However, in our view risk is not well compensated; particularly that from rate-related volatility, a strong US dollar and an uptick in defaults driven by the energy sector. Furthermore, liquidity concerns continue to weigh on the asset class.

A confluence of tailwinds should provide support to the asset class

– amongst them the ECB stimulus package, negative sovereign yields, a weak euro, lower oil prices and an end to austerity. As investors

’ demand for yield intensifies, European high yield should benefit, though we are still cautious given links with the US market and broader liquidity risks.

2

Schroders

Multi-Asset Investments

Category

View

Comments

Commodities

Energy

Gold

+

+

We maintain a positive view on broad commodities as we expect the depressed cyclical commodities to recover through a combination of improved demand and reduced supply.

Global easing is likely to be supportive of demand, and there is strong evidence that capital expenditure is being cut back which should temper the current oversupply.

We retain a negative score as we expect stronger US data to push up real rates.

Industrial metals

Agriculture

-

++

China has moved firmly into an easing cycle, bringing forward $1.1 trillion of infrastructure expenditure and easing monetary policy. This, coupled with a cutback in global production, should be sufficient to stimulate a rebound in industrial metal prices.

We have downgraded agriculture to negative as farmers are not cutting back planting intentions in response to current price levels.

Category

Currencies

View

Comments

US dollar

British pound

Euro

Japanese yen

Swiss franc

+

0

The divergence in economic growth, which drove the US dollar higher, is no longer as strong.

However, relative strength within the US economy remains and the Fed is moving towards a rate hike. Therefore we maintain a positive bias.

With the additional uncertainty of the election approaching, we continue to hold a neutral view on sterling. Political uncertainty and weak inflation are counterbalanced by a stonger economic growth profile.

There may be further downward pressure on the euro in the near term due to increasing divergence between ECB policy and that of other G10 central banks. In addition, the euro is likely to struggle in the face of a Fed rate hike.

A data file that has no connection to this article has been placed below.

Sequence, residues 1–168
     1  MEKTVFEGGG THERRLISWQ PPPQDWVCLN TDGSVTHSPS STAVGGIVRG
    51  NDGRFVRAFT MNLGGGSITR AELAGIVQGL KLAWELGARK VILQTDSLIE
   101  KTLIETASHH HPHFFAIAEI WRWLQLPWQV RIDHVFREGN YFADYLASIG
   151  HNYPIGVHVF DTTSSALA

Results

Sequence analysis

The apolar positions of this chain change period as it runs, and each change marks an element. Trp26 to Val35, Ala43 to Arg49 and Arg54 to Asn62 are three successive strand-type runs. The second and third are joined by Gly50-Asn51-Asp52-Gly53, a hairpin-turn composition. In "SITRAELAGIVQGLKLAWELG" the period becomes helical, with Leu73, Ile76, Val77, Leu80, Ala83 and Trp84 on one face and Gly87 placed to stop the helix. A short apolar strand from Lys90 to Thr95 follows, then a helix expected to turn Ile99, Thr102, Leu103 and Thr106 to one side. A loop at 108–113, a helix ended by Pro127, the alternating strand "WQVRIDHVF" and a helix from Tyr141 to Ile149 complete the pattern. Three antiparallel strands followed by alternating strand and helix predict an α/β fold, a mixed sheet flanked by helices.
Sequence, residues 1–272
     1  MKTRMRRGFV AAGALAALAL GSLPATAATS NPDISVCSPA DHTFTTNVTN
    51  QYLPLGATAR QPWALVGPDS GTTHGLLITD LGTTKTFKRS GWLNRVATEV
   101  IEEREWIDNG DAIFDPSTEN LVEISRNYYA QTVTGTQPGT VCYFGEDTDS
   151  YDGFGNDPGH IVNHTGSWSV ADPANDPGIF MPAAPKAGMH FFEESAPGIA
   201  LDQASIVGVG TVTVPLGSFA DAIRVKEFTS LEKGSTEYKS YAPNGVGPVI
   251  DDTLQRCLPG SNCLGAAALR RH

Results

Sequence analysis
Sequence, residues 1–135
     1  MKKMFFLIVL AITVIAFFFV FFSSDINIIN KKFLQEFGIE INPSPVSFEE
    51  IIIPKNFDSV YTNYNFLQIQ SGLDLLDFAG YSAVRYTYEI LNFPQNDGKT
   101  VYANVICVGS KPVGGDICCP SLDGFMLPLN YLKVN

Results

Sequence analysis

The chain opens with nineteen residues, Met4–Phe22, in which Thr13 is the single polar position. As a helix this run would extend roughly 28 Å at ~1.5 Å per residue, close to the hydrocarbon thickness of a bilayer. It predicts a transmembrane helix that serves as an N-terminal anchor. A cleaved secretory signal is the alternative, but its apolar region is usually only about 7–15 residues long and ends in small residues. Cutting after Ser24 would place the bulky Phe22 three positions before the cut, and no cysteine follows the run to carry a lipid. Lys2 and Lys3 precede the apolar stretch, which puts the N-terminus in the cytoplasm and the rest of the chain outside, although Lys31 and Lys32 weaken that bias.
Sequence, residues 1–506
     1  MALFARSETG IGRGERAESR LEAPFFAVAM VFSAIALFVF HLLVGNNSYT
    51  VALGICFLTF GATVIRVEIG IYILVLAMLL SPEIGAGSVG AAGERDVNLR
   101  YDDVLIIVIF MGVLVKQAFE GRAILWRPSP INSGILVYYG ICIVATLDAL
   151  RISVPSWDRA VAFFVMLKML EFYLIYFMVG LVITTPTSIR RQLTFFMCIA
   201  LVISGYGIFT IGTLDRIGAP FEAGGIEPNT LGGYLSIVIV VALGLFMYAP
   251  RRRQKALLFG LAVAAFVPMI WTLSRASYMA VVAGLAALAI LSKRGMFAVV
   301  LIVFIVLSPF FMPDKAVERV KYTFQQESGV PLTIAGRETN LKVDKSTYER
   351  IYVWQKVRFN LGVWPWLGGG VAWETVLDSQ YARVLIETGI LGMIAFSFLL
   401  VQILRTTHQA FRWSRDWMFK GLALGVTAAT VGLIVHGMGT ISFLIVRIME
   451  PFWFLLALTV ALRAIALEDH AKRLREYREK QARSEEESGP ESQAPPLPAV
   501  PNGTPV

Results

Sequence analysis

We only expect modest downward pressure on the yen in the near term and so maintain a single negative position. With inflation having been predominately driven by currency depreciation to date, we do not believe that authorities will want to see precipitous weakness in the currency.

The Swiss economy has weakened this year following a deterioration in European growth and we expect additional weakness following the recent sharp appreciation of the currency.

Category

Cash

View

Comments

With real rates remaining negative, we continue to hold a negative view on cash.

Source: Schroders, April 2015. The views for corporate bonds and high yield are based on credit spreads (i.e. duration-hedged). The views for currencies are relative to USD, apart from USD which is relative to a trade-weighted basket.

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Schroders

Multi-Asset Investments

Section 2: Multi-Asset Insights

By Remi Ajewole and Urs Duss, Multi-Asset Fund Managers

The impact of negative interest rates on equity and credit markets

c) A cross-border incentive to issue in euro (separately hedging the currency risk) for overseas corporates

.

Perhaps the most direct way to examine the impact of negative rates on equities is through the discounted cashflow model (DCF). This allows us to estimate the intrinsic value of a stock by summing up the present value of all expected cashflows over the life of the security, discounted by the appropriate interest rate. Ceterus paribus, a lower risk-free rate should boost the present value of equities via a mechanical adjustment of valuations upwards.

We believe that this phenomenon will be seen most clearly in Europe, where negative interest rates are creeping across sovereign bonds of all shapes and sizes in the region; the chart below illustrates the impact of negative interest rates on our measure of the equity risk premium for Europe.

Figure 1: European equity risk premium (the required rate of return versus cash)

The investor

The ECB’s planned eurozone government bond purchases

(as part of its quantitative easing

– QE – programme) are much higher than the net supply coming to market. As such, it is possible to speculate that swathes of investors will be displaced.

Whilst it’s hard to make explicit forecasts about the magnitude of potential flows, a recent macro survey showed that a large portion of existing owners of European investment grade credit were already considering a combination of overseas rotation and shift to lower-rated assets.